“Indeed, even if we leave Athens with a force not only equal to that of the enemy except in the number of heavy infantry in the field, but even at all points superior to him, we shall still find it difficult to conquer Sicily or save ourselves. We must not disguise from ourselves that we go to found a city among strangers and enemies, and that he who undertakes such an enterprise should be prepared to become master of the country the first day he lands, or failing in this to find everything hostile to him. Fearing this, and knowing that we shall have need of much good counsel and more good fortune — a hard matter for mortal man to aspire to — I wish as far as may be to make myself independent of fortune before sailing, and when I do sail, to be as safe as a strong force can make me. This I believe to be surest for the country at large, and safest for us who are to go on the expedition. If any one thinks differently I resign to him my command.”From Book Six, Chapter XVIII of The History of the Peloponnesian War, by Thucydides, translated by Richard Crawley. Alcibiades is exhorting Athens to mount a campaign to subdue the island of Sicily and so extend Athens' (and his) political power and increase Athens' (and his) wealth. Nicias, the other general of Athenian forces, vainly urges caution and is ignored when he points out that the island of Sicily is as big as the Peloponnesian peninsula and as heavily populated and hey, remember how we failed to subdue the Peloponnese? Alcibiades successfully appeals to Athenian pride and greed. This Sicilian campaign is the very thing that raises up stodgy old Sparta and her allies once again against Athens and leads, finally, to the complete and final defeat of Athens, the destruction of the defensive walls the Athenians have taken shelter behind for decades, the end of the Athenian "Golden Age."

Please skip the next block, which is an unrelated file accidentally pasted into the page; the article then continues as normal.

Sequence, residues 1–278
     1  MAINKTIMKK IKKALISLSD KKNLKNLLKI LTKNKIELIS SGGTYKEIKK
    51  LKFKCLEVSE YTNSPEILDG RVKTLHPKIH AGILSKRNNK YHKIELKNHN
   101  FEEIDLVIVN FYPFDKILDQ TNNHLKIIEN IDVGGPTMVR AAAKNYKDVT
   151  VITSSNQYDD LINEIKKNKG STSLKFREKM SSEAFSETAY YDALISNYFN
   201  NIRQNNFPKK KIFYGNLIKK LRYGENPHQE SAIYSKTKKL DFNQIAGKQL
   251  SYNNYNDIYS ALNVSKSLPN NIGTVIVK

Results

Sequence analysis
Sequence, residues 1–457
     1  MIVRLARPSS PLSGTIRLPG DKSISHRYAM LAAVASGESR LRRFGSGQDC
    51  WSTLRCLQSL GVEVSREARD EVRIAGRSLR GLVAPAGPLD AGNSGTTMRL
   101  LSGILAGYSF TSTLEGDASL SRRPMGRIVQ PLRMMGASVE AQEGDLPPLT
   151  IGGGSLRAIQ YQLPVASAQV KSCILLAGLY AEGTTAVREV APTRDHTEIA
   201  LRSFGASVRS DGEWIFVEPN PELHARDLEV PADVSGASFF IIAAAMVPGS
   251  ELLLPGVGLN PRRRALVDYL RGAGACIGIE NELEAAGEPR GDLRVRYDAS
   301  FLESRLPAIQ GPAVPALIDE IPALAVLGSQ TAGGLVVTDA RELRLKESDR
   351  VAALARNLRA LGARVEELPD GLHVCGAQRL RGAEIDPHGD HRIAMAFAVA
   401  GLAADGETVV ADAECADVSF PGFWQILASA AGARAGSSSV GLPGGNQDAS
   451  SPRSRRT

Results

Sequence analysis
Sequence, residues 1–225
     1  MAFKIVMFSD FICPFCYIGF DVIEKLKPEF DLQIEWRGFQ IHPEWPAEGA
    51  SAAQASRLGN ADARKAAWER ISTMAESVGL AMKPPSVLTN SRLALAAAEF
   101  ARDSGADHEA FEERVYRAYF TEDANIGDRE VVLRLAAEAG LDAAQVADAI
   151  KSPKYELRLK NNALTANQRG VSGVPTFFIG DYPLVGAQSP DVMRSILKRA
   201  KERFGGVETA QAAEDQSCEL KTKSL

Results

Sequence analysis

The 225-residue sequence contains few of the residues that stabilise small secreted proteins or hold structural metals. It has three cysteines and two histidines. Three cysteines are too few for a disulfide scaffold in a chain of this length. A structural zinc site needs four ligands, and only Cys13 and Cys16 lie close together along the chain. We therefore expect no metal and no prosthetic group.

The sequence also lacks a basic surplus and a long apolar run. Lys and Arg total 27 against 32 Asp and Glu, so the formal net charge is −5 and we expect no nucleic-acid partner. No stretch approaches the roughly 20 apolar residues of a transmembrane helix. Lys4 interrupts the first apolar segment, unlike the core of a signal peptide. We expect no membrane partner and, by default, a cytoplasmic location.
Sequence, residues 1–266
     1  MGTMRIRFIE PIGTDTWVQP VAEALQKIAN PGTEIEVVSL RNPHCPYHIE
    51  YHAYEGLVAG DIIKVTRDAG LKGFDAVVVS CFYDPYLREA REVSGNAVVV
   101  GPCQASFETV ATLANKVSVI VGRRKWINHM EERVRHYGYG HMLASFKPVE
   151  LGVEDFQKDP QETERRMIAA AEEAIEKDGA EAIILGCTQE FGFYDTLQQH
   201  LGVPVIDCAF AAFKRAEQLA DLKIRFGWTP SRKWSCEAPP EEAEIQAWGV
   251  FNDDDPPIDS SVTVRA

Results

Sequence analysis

With this Nicias concluded, thinking that he should either disgust the Athenians by the magnitude of the undertaking, or, if obliged to sail on the expedition, would thus do so in the safest way possible. The Athenians, however, far from having their taste for the voyage taken away by the burdensomeness of the preparations, became more eager for it than ever; and just the contrary took place of what Nicias had thought, as it was held that he had given good advice, and that the expedition would be the safest in the world. All alike fell in love with the enterprise. The older men thought that they would either subdue the places against which they were to sail, or at all events, with so large a force, meet with no disaster; those in the prime of life felt a longing for foreign sights and spectacles, and had no doubt that they should come safe home again; while the idea of the common people and the soldiery was to earn wages at the moment, and make conquests that would supply a never-ending fund of pay for the future. With this enthusiasm of the majority, the few that liked it not, feared to appear unpatriotic by holding up their hands against it, and so kept quiet.